Thus two or three years later when it comes to post-16 choices, the only non-academic subjects such students have encountered tend to be in the Arts and Media, where they have at least found some confidence and success, and quite probably achieved their highest GCSE grades. As a result, it’s hardly surprising that these are subjects they want to study at college. Unfortunately simply offering FE courses in Green Energy is unlikely to attract many takers, and it might also be anticipated that the content of such courses is likely to be educationally and technically quite narrow.
Ms Spielman admirably says that we need to “radically improve the quality of vocational and skills education in our towns“, but if she is serious about recruiting green energy, and other, workers, then she needs to be doing is to promote the introduction of more practically-orientated technical and vocational equivalent GCSE courses that have parity in the league tables and with EBacc and Progress 8 measurements. Waiting until teenagers are 16 or even older is too late. This is exactly what successive governments and university-feeder schools have completely failed to do over the past fifty years.
Part of Ms Spielman’s argument is that there is an over-supply of Arts and Media students for the employment market. As usual there’s surely a contradiction at work here? A level English students are not all expected to become award-winning novelists. Very few History students will end up working in museums. Physics students will not all end up working as theoretical Physicists. So why should it be assumed that all Arts and Media students will end up working in the Arts and Media professions? Indeed, more than any other subject, Arts and Media courses are under-pinned by the highly transferable so-called ‘soft-skills’ that employers are so keen to recruit at present. Amongst other things they require students to learn how to ask questions, find information out for themselves, work to briefs, produce specifications, develop ideas, plan their time, organise resources, collaborate, present themselves well and to be able to communicate appropriately according to purpose and audience. Not to mention the general intellectual, emotional, cultural and social development such courses provide, as discussed here.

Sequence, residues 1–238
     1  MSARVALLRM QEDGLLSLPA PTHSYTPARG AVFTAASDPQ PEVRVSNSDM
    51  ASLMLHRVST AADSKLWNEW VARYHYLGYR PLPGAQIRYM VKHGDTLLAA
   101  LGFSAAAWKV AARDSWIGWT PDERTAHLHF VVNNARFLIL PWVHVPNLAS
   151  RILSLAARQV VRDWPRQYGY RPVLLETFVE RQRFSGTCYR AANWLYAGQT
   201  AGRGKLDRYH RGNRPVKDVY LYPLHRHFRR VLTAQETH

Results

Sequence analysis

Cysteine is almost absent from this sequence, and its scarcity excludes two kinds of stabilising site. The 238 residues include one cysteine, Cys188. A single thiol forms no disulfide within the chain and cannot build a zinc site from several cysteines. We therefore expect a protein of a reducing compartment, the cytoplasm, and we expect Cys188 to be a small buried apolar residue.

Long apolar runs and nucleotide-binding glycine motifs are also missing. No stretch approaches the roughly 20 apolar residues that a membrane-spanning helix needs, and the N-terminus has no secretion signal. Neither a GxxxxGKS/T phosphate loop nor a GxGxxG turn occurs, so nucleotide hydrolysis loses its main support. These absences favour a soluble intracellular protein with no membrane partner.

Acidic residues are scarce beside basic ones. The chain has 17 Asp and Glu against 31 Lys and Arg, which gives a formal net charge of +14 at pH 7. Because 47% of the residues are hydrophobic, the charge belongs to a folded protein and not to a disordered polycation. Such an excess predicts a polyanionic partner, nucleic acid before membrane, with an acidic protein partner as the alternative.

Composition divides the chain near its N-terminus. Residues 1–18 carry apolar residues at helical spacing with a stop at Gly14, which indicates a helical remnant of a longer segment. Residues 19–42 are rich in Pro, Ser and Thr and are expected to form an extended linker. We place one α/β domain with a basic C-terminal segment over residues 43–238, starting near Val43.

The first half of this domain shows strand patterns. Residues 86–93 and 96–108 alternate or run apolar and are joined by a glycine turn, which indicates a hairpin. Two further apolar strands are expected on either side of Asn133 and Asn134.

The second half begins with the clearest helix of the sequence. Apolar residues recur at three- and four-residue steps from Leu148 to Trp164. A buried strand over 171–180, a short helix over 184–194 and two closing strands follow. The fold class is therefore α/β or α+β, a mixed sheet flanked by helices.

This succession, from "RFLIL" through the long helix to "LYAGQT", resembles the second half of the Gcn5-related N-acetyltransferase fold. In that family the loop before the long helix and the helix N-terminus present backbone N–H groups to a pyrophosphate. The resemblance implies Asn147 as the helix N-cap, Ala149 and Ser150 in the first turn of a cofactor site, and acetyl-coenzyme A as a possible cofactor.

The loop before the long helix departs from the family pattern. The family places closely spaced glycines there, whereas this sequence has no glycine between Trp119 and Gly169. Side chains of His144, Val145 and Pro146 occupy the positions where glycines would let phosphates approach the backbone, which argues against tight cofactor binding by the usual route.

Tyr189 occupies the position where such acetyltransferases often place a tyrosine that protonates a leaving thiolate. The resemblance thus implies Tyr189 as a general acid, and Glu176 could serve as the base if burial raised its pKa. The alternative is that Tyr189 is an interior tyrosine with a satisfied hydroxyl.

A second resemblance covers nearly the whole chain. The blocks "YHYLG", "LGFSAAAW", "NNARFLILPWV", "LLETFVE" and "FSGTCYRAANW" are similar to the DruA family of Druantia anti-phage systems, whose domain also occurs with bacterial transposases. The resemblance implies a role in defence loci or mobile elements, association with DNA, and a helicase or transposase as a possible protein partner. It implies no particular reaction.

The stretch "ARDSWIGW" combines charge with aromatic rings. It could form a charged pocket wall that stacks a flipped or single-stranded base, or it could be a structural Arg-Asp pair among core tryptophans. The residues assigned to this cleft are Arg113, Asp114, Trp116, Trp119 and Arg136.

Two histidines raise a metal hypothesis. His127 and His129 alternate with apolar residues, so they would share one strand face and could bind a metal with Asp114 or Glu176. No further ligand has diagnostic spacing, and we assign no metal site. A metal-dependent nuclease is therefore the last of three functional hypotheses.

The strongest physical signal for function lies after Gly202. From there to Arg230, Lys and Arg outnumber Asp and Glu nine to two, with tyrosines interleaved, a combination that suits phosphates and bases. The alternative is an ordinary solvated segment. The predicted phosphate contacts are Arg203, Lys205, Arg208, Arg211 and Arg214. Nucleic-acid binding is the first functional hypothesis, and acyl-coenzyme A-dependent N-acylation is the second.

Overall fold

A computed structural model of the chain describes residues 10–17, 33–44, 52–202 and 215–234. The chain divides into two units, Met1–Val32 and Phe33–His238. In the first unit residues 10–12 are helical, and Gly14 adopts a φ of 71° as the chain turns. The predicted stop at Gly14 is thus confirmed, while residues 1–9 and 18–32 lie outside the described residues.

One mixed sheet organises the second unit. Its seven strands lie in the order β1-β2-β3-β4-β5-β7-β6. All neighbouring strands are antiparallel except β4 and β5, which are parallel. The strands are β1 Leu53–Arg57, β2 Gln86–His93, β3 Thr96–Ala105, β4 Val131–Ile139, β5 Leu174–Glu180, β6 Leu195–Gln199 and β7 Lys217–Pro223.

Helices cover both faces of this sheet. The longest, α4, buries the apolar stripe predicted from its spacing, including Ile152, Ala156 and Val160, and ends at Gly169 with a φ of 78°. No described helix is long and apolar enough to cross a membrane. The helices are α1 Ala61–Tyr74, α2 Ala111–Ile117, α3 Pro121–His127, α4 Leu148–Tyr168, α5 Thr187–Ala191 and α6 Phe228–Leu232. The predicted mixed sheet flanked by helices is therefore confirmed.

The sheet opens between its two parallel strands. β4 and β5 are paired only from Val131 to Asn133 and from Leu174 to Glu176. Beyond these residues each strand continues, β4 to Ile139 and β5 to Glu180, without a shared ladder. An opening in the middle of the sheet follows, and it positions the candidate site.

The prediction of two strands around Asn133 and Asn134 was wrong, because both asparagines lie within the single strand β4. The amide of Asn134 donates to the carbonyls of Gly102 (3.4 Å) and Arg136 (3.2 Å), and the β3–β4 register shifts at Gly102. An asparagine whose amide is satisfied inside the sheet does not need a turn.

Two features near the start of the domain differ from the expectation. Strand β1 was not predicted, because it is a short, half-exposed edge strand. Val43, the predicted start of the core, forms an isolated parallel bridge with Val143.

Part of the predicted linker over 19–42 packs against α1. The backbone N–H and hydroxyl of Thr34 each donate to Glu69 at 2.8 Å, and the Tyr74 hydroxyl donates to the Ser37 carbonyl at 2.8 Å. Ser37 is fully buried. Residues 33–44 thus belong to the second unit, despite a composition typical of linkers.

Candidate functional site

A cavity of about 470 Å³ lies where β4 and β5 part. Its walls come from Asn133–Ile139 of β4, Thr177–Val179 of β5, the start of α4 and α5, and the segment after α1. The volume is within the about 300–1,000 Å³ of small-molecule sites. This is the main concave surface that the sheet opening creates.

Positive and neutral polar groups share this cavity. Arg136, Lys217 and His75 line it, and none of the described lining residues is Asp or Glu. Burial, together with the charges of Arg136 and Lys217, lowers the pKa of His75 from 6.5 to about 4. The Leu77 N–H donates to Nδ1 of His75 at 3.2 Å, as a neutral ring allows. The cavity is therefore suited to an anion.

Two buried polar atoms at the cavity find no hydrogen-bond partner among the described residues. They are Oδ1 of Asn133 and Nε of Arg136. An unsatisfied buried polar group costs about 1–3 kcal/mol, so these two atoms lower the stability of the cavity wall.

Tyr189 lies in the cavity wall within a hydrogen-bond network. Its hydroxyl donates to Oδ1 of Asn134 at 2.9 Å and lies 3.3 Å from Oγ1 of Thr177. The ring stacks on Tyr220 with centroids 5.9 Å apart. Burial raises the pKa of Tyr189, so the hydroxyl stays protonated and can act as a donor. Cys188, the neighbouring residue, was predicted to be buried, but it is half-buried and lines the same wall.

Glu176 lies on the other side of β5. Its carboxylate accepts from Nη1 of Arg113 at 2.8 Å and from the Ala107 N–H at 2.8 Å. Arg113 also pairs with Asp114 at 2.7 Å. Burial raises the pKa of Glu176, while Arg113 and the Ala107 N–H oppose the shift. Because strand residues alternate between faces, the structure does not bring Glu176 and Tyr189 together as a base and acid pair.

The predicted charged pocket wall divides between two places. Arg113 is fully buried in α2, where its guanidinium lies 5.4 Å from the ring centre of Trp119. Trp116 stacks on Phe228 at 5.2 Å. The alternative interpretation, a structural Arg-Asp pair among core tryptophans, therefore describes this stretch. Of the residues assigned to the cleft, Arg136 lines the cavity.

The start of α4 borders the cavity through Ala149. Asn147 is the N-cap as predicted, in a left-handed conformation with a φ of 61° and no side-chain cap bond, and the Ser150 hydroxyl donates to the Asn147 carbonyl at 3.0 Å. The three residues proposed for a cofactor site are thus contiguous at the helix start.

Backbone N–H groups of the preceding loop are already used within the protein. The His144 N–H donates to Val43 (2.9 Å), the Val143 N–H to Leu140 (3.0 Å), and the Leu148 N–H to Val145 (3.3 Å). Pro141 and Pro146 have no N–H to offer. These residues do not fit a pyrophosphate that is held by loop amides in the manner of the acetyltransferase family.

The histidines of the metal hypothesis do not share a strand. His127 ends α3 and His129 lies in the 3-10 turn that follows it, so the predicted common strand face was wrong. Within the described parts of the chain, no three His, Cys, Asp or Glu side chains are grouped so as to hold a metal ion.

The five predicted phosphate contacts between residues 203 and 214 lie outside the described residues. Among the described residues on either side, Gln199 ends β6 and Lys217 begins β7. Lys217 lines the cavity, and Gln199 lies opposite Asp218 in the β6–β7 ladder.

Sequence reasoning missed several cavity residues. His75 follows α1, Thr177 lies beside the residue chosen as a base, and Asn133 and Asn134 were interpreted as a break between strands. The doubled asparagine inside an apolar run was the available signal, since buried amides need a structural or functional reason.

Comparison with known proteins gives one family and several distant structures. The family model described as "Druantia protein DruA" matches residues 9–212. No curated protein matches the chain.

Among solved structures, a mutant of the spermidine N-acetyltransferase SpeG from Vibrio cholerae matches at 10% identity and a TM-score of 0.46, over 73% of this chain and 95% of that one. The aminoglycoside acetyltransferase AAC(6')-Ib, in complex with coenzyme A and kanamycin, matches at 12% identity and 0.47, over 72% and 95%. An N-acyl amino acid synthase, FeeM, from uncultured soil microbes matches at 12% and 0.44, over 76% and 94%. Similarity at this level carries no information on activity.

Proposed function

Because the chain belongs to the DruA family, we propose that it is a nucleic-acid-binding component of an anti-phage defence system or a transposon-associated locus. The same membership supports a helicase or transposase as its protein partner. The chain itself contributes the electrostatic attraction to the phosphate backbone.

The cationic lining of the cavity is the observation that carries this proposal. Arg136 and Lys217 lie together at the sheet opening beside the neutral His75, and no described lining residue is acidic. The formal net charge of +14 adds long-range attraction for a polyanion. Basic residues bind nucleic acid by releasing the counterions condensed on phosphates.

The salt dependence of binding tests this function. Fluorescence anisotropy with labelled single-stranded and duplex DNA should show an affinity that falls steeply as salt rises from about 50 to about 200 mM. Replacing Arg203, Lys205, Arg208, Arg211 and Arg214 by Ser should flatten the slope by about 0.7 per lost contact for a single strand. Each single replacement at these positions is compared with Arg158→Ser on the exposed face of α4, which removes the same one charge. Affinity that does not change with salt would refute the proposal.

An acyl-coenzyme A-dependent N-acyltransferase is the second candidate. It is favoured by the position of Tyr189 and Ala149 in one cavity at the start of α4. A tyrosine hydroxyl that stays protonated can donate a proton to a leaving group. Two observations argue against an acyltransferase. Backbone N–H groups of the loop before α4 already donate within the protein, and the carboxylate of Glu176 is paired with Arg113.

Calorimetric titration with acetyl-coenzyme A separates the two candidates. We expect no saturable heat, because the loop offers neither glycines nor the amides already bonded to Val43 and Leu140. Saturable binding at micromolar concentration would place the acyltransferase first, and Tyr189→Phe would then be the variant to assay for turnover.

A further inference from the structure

In reality the value and ‘worth’ of these Arts and Media courses depends primarily on how well they are taught and the extent to which they develop and prepare students for professional practice and for life in general. And, like all courses, future success depends on how well students are suited to them and how hard they work at them. For the successful there are plenty of employment opportunities in the Arts and Media, and indeed anyone with good basic skills in computer-aided design (e.g., Desk-top publishing, photo manipulation, video editing, web design, game design) is much in demand.
It’s unhelpful of Ms Spielman to unnecessarily use Arts and Media courses as scapegoats. Perhaps she would be better employed sticking to inspecting what schools do, rather than giving ill-informed careers advice and fighting imaginary enemies, Don Quixote style?
Gustave Dore’s illustration of Miguel de Cervantes’s Don Quixote attacking windmills that he believes to be ferocious giants.